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The best historical TV dramas of all time


The best historical TV dramas of all time

Australian author Alison Stuart, whose book The Postmistress comes out on June 17th this year, writes about her favourite historical TV dramas and why they’re excellent. 

I am eternally fascinated by listicles (10 famous celebrities you wouldn’t recognise now etc.) and regularly succumb to the clickbait only to give up in frustration because it is really all about the ads.

I have had some fun in compiling my own listicles (and I promise, no clickbait or endless rolling ads).

As THE POSTMISTRESS is my first foray into Australian historical fiction, and I live in eternal hope of it being made into a film or TV series, I thought I would turn the clock back and start with a list of my favourite Australian historical TV series over the years.

  1. Rush (1974)

Set on the goldfields in the fictional settlement of Crockers Gully (possibly an unconscious inspiration for Maiden’s Creek).

Image result for rush 1974 tv show

REASON TO WATCH: John Waters as the dark and brooding Sgt McKellar. That sexy scar on his cheek bone. How we all swooned…and come to think of it, he was probably the prototype of all my dark-and-brooding lone-wolf heroes! Plus a really catchy theme tune.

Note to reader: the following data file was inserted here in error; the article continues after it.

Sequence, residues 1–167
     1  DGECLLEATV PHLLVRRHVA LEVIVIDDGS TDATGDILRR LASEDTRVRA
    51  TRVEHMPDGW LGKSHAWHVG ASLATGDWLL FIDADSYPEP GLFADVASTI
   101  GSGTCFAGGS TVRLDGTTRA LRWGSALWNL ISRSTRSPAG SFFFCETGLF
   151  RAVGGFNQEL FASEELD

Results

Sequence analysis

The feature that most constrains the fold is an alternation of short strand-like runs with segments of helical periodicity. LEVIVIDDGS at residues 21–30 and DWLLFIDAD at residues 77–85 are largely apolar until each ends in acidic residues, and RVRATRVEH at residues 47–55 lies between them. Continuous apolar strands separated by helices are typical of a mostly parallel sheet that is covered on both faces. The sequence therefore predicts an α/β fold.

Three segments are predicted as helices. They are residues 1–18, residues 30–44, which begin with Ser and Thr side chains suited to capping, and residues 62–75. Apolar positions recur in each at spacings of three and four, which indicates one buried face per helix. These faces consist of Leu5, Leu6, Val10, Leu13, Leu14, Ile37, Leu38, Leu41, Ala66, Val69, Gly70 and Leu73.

1. Seven Little Australians (1973)

Single father, seven out-of-control children, set in the late 19th century and based on the book by Ethel Turner.

REASON TO WATCH: An engaging family story and the wonderful Leonard Teale as the harassed military father who could control troops but not his own family.

  1. Against the Wind (1978)

Convicts, hardship…love triumphing.

REASON TO WATCH:  Jon English (no scar but, oh, those eyes!) and ‘Six Ribbons’, the theme song sung by English.

  1. All the Rivers Run (1983)

Love and rivalry on the paddle-steamers of the Murray starring the ‘it girl’ of the time, Sigrid Thornton. See my Sigrid story below!

REASON TO WATCH: John Waters (again) and that scar seemed even sexier this time around.

  1. The Sullivans (1976–1983)

An ordinary family from Melbourne caught up in war-time.

REASON TO WATCH: No one missed an episode of The Sullivans, which lasted longer than WW2.

  1. The Mystery of the Hansom Cab (2012)

This was based on the first mystery ever written and I thoroughly enjoyed this telling of it. Much of the TV version was filmed around where I live.

REASON TO WATCH: (Don’t laugh) John Waters – older, greyer but still has the sexy scar – and the fact it is a genuine Melbourne-set historical mystery.

  1. Miss Fisher’s Murder Mysteries (2012)

What’s not to love about the fabulous, feisty Phryne and her minions? Great stories from the pen of Kerry Greenwood and yes, much of it filmed around me.